• 16May

    Update: The clay balls were a disaster. The little cat who must dig in everything scooped them all out and before I knew it, was playing in them as if they were a pile of mice. It was the biggest mess. So back to square one; I guess next I’m going to try a soiI-free pad thing I saw online.

    End of update.

    I had a great day at the organic store and not only got my guano, but I also got some earthworm castings and some little clay balls. Those are some kind of hydroponic thing (so far, every organic store I’ve gone to specializes in hydroponics), but I’m going to use them to grow cat grass. One of our cats gets frantic around any kind of soil or soil-like substance (like coir) and digs like a dog until she’s torn it all up. This is why I can’t have any live, reachable houseplants in the house, and it’s why she can’t go to the basement.

    I just hope she doesn’t think they’re balls to roll on the floor. We’ll see.

    Then while I was out that way, I went to a nursery I’d never visited, and was…disappointed. Big time. They had a nice website, and it looked a lot bigger than it is in person. I may be spoiled by the greenhouse near me that has acres of greenhouses.

    Anyway, this place had a listing of the available plants, and they had good prices it seemed. (And same supplier as “my” greenhouse, but half the price) First off, they *didn’t* have what I wanted, despite having said they have several varieties of a plant I want. Second, the lady I asked barely knew what a petunia was. Seriously, she was NEW to the gardening world. And anyone who might know where certain things were, or if they had them, was either off for the day, or on an errand.

    Third, their Asclepias incarnata plants were infested with aphids. Those little orange buggers were hopping around and having a blast. To be fair, these aphids aren’t a big deal and as far as I know, only go after this plant. If you grow it, you’ll get the aphids; it’s almost a certainty unless you live on Mars.

    On the other hand, all it takes is a blast of the water sprayer to get rid of them. I’ve never had them come back after one squirt. Perhaps it’s not unusual for a nursery to allow aphids on the Asclepias? I’ve never seen it before, but I actually only started growing this variety of Asclepias last year. (Successfully from seed, but this year, my seed didn’t germinate. I do think I have some growing in the ground…I’m not 100 percent sure. Crossing my fingers, though.)

    I got the aphids last year and got excited, thinking they were monarch eggs. They actually look delicious, like caviar. Every time I see a picture of the aphids, I get hungry for some caviar. Is that icky or what?

    But check it out: aphids on the left, salmon caviar on the right. And the aphids don’t always move around. That’s why I thought they were eggs at first.

    Aphids or Caviar?

    Here is Asclepias incarnata in bloom, mid summer:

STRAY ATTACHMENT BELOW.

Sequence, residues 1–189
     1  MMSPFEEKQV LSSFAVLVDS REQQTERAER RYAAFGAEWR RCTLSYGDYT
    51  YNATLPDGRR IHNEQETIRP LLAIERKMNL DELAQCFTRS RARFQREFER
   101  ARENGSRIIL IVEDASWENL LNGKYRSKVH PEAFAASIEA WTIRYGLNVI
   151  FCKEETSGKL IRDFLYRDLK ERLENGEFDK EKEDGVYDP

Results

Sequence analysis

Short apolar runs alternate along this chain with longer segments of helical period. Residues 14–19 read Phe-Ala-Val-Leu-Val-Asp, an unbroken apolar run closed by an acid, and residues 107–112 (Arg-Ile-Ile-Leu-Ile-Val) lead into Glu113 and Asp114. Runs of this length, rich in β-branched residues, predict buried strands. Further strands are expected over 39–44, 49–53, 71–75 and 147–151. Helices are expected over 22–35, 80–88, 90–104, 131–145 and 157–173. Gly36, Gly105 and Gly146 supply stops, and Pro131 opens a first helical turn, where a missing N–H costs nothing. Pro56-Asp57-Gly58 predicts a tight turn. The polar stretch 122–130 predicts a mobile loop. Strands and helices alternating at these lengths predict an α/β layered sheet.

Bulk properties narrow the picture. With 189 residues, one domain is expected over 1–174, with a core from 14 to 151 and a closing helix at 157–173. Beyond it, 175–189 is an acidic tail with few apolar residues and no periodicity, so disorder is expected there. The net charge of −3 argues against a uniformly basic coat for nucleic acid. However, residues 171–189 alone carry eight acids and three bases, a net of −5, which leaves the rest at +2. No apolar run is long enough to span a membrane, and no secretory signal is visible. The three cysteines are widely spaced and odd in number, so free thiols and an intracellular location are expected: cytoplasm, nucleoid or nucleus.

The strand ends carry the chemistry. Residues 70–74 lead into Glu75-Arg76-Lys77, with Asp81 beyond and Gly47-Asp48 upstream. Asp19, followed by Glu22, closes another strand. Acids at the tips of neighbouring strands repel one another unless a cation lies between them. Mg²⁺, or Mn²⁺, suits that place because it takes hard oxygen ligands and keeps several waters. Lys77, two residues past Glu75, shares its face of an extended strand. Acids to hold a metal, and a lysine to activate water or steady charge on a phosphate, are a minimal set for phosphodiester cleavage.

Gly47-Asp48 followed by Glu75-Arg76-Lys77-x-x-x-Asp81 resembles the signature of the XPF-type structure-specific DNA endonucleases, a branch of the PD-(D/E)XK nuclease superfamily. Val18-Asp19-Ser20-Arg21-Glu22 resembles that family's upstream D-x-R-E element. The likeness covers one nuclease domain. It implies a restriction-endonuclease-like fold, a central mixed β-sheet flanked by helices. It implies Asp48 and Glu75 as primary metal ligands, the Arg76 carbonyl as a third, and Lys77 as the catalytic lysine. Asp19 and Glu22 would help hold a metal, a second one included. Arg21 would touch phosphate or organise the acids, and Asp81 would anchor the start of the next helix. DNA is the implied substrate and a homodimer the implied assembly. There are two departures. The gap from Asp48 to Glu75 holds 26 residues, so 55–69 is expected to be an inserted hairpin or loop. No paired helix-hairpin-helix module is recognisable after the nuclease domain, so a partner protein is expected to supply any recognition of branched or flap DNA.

Asclepias incarnataAsclepias incarnata

    Filed under: Organic Gardening
    Tags: ,

    Posted: May 16, 2008 at 6:28 pm

    2 Comments

2 Responses

WP_Lime_Slice
  • Renee Says:

    The caviar looks gross! How can anyone eat that stuff?

    The pink flowers are gorgeous. How hard are those to grow? Do all butterflies like them?

    I was looking at your photo pages and some of your photography is really beautiful. Are you a professional photographer or something?

    I want to know more about this pink flower!

    Thanks, Renee

  • admin Says:

    Hi Renee,

    Caviar might be an acquired taste. If it’s good quality, it’s yummy.

    The pink is also known as butterfly weed or swamp milkweed. It grows wild throughout most of the US. I don’t know where you live, but if you have access to open prairies, you might be able to find some. It doesn’t always transplant well, though; it has a very long taproot. But, many nurseries carry it. There are a lot of varieties of the butterfly weed; this one is also called Cinderella, and it’s the host for the monarch caterpillar. You need a fairly sunny spot for it, but it doesn’t take a lot of care once it’s established. In summer, look on the plant and you should see a number of caterpillars munching on it – those will turn into monarchs. Then you’ll see monarchs on it all the time. I’ve seen various swallowtails, too, but I grow an entire butterfly garden.

    I’m not a professional photographer, but I did take a class in journalism school on photojournalism. That’s when I got interested in photography as a hobby, and then took some classes on the side at university. I spent a ton of money on good equipment – before the days of digital – and it was sitting in a box.

    I wasn’t happy with the quality of my digital pictures (the majority in the galleries are digital), and last summer, dusted off my old equipment and started shooting with film again. The quality is a million times better and I plan to shoot more film this season.

    I’ll still do digital because it’s so convenient, but there’s just something special about film. I’m even thinking about digging out my old darkroom equipment and setting up a darkroom in the basement.

    Thanks for your kind comments.

    Juli

Leave a Reply